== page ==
Communication as structuration : Viewing learning through the lens of communication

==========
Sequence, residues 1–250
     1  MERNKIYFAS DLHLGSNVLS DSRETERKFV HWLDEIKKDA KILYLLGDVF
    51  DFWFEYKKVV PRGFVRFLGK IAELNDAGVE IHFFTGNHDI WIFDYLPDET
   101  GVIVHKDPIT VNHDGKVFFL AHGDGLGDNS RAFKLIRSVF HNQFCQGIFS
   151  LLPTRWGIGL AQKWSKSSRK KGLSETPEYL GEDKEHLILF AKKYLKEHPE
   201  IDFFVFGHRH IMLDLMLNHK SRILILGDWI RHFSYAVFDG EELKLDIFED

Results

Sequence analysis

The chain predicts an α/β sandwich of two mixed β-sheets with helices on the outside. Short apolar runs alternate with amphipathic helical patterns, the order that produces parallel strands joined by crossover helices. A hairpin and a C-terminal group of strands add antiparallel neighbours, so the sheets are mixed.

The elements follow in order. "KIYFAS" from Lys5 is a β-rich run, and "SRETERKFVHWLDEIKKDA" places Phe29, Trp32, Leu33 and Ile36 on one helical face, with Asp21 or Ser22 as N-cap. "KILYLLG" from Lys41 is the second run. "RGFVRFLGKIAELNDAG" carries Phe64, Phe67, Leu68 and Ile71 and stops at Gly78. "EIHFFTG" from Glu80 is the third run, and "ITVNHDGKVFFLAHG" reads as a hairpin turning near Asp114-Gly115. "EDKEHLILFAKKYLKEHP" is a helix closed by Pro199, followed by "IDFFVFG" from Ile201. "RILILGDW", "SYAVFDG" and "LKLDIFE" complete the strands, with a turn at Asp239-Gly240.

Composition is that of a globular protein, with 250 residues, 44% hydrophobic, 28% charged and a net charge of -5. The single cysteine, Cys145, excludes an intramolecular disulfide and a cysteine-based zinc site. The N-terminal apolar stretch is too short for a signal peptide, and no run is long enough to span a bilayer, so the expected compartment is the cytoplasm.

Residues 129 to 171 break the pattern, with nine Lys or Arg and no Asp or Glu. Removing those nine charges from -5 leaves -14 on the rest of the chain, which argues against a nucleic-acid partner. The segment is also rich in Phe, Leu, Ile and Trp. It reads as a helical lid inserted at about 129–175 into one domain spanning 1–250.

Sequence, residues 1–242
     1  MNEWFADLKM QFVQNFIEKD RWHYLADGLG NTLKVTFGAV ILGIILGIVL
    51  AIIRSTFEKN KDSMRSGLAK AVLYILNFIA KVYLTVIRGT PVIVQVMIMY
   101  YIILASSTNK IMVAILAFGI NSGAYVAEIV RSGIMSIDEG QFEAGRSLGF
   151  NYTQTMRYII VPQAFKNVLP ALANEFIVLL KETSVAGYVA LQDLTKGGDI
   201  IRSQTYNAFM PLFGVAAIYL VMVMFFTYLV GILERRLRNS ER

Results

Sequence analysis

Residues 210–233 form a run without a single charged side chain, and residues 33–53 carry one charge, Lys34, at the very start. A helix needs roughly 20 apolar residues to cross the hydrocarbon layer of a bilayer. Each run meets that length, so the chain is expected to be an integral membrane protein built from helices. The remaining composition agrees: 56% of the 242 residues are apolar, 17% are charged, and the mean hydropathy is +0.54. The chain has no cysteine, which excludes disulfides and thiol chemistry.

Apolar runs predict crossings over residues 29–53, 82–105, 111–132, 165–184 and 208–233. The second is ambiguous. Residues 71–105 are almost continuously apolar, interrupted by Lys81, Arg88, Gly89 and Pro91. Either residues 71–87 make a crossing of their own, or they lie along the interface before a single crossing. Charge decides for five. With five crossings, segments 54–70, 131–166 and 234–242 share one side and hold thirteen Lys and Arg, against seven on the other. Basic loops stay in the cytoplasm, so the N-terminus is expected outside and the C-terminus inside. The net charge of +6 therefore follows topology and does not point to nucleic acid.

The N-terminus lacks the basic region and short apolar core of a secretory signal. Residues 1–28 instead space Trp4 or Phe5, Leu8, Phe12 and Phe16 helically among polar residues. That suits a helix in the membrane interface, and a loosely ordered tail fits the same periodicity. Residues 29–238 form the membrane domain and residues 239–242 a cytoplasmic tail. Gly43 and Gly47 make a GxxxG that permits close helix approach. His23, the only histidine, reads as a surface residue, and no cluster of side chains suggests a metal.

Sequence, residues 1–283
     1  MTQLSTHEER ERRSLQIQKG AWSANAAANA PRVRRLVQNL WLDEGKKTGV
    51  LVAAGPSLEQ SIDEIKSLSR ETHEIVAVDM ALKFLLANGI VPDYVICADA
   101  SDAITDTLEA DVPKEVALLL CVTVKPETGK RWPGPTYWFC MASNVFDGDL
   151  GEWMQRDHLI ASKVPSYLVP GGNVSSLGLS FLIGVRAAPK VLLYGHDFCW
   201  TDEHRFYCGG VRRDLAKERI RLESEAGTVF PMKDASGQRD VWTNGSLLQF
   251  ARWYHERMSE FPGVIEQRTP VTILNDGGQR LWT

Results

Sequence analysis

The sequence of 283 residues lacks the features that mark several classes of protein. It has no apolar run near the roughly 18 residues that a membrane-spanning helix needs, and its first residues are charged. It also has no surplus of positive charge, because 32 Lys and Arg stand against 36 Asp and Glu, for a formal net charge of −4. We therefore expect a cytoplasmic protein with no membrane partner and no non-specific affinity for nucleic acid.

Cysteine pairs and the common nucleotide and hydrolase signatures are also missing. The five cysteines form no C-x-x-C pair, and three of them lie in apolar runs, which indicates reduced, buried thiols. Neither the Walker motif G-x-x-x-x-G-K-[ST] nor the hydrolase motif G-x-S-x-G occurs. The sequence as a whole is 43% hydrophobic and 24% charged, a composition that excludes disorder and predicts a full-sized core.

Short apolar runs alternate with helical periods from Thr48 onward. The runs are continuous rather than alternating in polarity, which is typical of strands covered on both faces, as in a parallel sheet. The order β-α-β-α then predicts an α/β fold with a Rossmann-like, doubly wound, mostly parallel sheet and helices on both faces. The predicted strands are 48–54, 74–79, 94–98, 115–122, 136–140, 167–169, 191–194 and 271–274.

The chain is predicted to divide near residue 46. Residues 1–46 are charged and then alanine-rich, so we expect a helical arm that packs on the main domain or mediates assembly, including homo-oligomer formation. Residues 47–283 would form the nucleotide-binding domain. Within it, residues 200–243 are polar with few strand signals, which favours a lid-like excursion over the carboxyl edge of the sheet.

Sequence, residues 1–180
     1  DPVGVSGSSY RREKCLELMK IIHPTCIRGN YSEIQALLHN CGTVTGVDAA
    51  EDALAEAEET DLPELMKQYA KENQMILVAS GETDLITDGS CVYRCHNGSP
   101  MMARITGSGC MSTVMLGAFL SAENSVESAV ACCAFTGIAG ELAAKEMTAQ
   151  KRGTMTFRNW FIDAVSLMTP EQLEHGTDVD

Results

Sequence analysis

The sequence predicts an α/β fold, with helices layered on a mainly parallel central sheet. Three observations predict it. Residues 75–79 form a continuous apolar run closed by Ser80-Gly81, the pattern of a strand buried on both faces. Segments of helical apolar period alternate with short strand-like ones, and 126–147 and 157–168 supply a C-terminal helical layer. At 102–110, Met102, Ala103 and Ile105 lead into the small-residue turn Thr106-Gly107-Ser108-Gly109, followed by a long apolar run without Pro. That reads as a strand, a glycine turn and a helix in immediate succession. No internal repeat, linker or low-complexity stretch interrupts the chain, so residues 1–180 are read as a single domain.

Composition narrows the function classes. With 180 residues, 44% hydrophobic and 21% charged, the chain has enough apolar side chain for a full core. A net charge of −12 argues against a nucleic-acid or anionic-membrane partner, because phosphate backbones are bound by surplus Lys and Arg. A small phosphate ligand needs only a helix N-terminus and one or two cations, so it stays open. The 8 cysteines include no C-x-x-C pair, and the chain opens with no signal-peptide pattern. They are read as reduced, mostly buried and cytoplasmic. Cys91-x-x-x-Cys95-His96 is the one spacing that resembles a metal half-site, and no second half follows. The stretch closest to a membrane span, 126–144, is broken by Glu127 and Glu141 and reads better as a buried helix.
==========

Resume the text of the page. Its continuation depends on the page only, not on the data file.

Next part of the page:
Abstract: This dissertation is about enlightening the relationship between organizational communication and learning. In doing so, I explore and build upon existing theories that address the relationship from a structuration perspective. Specifically, I turn to discursive communication theory and sociocultural learning theory. Both of these theories place emphasis on the everyday communication of actors in the process of organizational learning and structuring. To offer precision to these conceptualizations, I study two client servicing processes within two distinct organizations. While one of the processes is a decentralized, communication-intense process, the other is a centralized, technology-driven process. For both processes, I analyze the employees’ communicative interactions with colleagues and external actors in the context of their organizational structures. Using a strategy for theoretical development inspired by Charles Sanders Peirce, I offer inferences on how those communicative interactions—for both types of processes—potentially shape their future activities. The result of my study has been the development of two concepts: local conversations and text negotiations. I infer that through local conversations with colleagues and other organizational actors, employees simultaneously draw upon, negotiate and create new structures (texts) that can then be incorporated into further, future organizational activities. In this sense I argue that communication shapes or structures the organization, and the organization learns.
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